Brendan Hoare ~ Oceanic Spokesman on International Year of Family Farming 2014

Interviewed by

Tim Lynch

Brendan Hoare ~ Oceanic Spokesman on International Year of Family Farming 2014

Brendan is a courageous advocate for growing of healthy food and the World Rural Forum have asked him to participate in what is a world civil societies initiative to the UN's International Year of Family Farming.

70% OF THE WORLD FOOD PRODUCTION IS PROVIDED BY FAMILY FARMERS

Of that 70%

50% comes from arable, cropping and gardening

12.5% come from hunting and gathering

7.5% is produced by small urban farmers

The other 30% of food production comes from highly mechanised Western farming.

25% OF THE WORLD'S POPULATION IS COMPOSED OF WOMEN FARMERS, which comes to about 1,600 million women. These women are usually running the household, bringing up the children, cooking, cleaning and taking care of the sick and or aged parents as well. (Spare a caring thought for them).

So the International Year of Family Farming is not about the family farm or farming, and it is more than just producing food and products. It covers, contracts, teachers, safety, health workers, education, land use, including farm labour, fisheries, forestry incorporating the whole of the global rural regions.

Brendon being the Oceanic representative and coordinator on a National level, gives a broad overview of what the challenges are; he has a team of 4 very qualified people here in NZ to support this initiative.

One of the main objectives is to explore here in NZ are:

  1. Debt - NZers actually seem to want to get large mortgages and loans etc
  2. Rural connectivity going beyond road and rail and now integrating fast fibre optics
  3. Succession and who is next? What are we going to do in the future, and where is our food going to come from?
  4. The NZ identity - Who is New Zealand and where are we going?
  5. An organisation to come together to address these issues.

Of these 5, three are to be focussed on.

At present NZ has no rural strategy especially for rural telecommunications connectivity.

None addressing debt and this is a large overhead for many farmers and gardeners.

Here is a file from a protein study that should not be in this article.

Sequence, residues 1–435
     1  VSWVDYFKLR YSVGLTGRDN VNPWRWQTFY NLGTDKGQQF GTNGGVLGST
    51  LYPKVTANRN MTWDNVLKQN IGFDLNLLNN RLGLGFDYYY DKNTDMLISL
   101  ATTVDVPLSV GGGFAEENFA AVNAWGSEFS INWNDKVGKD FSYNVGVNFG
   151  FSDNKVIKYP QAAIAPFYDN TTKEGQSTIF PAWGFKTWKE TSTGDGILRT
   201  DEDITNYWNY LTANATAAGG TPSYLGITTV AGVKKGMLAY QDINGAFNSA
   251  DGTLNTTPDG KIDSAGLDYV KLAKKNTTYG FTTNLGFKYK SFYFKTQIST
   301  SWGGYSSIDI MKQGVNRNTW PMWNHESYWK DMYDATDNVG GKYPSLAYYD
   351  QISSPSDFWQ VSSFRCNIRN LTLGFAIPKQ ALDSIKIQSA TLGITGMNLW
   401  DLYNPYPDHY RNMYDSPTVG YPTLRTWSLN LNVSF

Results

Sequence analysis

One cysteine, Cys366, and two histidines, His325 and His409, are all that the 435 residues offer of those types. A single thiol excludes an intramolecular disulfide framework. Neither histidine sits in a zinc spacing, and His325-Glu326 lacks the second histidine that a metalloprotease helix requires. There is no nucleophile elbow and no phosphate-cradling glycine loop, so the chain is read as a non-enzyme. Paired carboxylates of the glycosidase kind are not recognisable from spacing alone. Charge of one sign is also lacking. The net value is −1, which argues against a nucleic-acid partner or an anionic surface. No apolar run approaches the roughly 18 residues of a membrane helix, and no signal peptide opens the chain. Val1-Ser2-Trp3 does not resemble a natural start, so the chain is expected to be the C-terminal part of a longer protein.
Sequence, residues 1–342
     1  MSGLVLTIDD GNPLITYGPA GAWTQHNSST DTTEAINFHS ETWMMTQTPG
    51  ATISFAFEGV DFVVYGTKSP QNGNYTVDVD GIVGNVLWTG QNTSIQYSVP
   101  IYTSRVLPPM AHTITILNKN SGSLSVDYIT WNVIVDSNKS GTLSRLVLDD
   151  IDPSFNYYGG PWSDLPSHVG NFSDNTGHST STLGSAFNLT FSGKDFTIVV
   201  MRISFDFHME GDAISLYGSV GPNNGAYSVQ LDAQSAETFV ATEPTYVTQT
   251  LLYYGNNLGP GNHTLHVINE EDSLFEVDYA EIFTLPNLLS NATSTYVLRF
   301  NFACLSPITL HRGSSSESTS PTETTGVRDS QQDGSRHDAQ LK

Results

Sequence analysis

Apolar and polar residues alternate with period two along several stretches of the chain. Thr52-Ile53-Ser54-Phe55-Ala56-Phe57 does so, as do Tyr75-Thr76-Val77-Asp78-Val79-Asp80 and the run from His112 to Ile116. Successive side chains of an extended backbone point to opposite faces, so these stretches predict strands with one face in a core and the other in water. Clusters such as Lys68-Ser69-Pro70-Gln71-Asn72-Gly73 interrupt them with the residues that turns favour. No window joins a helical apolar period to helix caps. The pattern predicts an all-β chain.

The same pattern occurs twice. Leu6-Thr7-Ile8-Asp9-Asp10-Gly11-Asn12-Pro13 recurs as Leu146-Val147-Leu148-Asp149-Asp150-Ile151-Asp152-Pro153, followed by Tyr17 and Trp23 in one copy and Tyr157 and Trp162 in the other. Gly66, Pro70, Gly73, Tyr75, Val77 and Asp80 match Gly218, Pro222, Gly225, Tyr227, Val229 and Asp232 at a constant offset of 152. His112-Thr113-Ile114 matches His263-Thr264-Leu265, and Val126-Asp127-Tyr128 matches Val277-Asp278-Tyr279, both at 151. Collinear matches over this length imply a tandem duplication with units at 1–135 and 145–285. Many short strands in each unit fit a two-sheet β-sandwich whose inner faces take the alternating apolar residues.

None of the key issues addressing ‘identity’ are being discussed at ANY level.

Thus this initiative has created 'this Forum' for these discussions to be heard and addressed.

In this interview:
The word organics is broached to which Brendan replies, that when we drop the word organics and have the conversation under more generic terms everyone wants to talk about healthy food. Because from growing to marketing we are all interconnected.

What is the 'International Year of Family Farming' in 2014 and what is family?

How do we build a rural strategy for NZ and be lead by civil society and not going to the government for money.

How do we have conversations in rural NZ about GE, for example and water quality and soil degradation?

In the rural sector family farms versus corporate farms are a growing tension Corporate farms would not employ the local accountant or the local engineer or the local lawyer and other localised trades people.

So rural communities are suffering and how do we address this?

Forestry - a lot of deaths by accident - loss of family, father, and compensation, welfare etc - more care more training, more up skilling

Farming is about having a deep connection to the land and the farmers feet are also in the ground with an intimacy of soil fertility, grasses, trees, bird life, smells and the change of the seasons. However, you lose intimacy when your operation becomes too big ... where ... you can't or don’t walk your land as it is already digitally mapped, on GPS. It is also very much about finding that sweet spot on your land, and as a metaphor it’s around families and kids at play and immersing themselves in natures sounds, colours and fragrances, but also a lot of these days families are under stress. Like availability of finding partners for marriage and start a family. Where once there were community dances, tennis clubs, badminton and table tennis at the local hall. Yes, there maybe the rugby club, and that's the convergence point of a local area for anyone, not even rugby supporters.